Please use this identifier to cite or link to this item: http://hdl.handle.net/2440/105124
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Type: Journal article
Title: Elite wheelchair rugby: a quantitative analysis of chair configuration in Australia
Author: Haydon, D.
Pinder, R.
Grimshaw, P.
Robertson, W.
Citation: Sports Engineering, 2016; 19(3):177-184
Publisher: Springer London
Issue Date: 2016
ISSN: 1369-7072
1460-2687
Statement of
Responsibility: 
David S. Haydon, Ross A. Pinder, Paul N. Grimshaw, William S. P. Robertson
Abstract: Limited recommendations of wheelchair configurations for court sports have been identified in the published literature. To accommodate the wide range of impairments in wheelchair rugby, players are given a point score that reflects their impairment. Players have regularly been grouped as high-, mid-, or low-point players in research, with high-point players having greater levels of muscle function compared with other classifications. This research documented the wheelchair configurations of elite Australian wheelchair rugby players across classification groups. Significant differences (p < 0.05) were found for increased seat height and decreased seat depth for high-point players compared with low- and mid-point groups, respectively. Low-point players displayed reduced wheelchair mass compared with high- and mid-point players, as well as increased frame length. Camber angles showed no significant differences across the classification groups. The incorporation of anthropometric measures, such as the elbow angle at the top dead center, was also investigated. While elbow angle showed no significant differences, seat height-to-total arm length ratio was higher for high-point players. Participants also completed surveys detailing their perception of the effect of altering wheelchair configurations. It is suggested that wheelchair configurations should consider an individual’s anthropometrics, impairment, training history, and court role to promote optimal performance, with predictive modeling having the potential to reduce the associated time and cost.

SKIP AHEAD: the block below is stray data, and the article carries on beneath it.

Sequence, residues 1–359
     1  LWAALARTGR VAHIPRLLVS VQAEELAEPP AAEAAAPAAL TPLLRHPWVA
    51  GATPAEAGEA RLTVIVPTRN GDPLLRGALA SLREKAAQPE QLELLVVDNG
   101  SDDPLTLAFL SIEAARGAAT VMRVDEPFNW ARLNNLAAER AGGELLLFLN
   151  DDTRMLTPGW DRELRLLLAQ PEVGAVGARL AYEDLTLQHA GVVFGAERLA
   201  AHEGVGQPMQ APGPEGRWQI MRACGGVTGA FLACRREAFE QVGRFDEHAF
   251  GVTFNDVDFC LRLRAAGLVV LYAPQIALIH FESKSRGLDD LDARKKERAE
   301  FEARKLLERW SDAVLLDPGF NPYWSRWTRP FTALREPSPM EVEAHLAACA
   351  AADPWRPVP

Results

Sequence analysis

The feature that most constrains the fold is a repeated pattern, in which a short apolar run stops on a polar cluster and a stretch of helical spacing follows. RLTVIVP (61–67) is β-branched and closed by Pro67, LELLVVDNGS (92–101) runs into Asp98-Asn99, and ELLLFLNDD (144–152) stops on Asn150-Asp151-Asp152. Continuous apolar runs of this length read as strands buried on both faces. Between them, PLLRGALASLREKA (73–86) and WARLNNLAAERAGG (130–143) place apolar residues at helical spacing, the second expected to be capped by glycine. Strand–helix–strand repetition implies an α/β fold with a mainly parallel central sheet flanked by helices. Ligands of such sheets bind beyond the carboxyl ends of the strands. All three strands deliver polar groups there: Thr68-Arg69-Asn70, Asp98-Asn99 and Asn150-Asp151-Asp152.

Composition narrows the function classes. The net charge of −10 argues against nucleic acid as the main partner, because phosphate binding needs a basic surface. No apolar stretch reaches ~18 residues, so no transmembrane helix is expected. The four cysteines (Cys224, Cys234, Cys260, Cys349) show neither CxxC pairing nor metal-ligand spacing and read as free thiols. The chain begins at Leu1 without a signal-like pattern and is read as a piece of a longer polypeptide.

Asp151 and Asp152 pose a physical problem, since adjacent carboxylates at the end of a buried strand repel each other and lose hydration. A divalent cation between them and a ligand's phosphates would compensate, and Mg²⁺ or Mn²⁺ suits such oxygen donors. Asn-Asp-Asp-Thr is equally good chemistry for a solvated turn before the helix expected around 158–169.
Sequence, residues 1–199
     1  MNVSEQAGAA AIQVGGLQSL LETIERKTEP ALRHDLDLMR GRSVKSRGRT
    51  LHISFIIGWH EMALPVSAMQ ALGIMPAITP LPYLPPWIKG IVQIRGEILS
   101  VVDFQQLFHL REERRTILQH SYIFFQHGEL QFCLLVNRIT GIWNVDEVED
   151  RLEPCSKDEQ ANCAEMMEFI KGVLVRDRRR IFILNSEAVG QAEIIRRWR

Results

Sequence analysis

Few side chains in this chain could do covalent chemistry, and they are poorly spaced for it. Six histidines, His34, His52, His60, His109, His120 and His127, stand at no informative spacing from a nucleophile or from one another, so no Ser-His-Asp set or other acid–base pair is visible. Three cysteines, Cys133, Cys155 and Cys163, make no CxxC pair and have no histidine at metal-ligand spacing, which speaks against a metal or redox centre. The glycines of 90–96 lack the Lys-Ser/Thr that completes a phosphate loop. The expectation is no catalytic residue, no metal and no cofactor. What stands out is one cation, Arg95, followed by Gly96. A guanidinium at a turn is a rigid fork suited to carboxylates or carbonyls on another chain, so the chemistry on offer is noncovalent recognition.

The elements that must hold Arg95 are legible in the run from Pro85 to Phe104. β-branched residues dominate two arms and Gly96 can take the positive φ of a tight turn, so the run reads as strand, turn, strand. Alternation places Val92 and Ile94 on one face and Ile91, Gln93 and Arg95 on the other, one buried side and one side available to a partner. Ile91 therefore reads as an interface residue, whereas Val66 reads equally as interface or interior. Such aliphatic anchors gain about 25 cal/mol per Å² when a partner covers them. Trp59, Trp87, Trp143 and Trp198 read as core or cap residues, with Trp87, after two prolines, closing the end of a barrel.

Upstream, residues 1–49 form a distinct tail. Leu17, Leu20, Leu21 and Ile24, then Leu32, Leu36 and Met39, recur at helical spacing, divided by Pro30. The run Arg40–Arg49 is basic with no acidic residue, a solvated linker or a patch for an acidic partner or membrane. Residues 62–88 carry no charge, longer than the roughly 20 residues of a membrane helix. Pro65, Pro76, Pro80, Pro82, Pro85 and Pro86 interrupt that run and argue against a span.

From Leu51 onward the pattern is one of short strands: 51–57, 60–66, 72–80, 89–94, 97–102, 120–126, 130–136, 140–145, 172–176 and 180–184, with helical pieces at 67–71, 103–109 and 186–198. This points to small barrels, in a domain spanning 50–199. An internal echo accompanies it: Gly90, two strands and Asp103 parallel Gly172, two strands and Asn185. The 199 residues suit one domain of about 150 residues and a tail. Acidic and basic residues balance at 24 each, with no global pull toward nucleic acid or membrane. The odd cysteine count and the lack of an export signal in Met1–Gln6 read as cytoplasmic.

Keywords: Wheelchair rugby; wheelchair sports; configurations
Description: Published online: 11 April 2016
Rights: © International Sports Engineering Association 2016
RMID: 0030046872
DOI: 10.1007/s12283-016-0203-0
Appears in Collections:Mechanical Engineering publications

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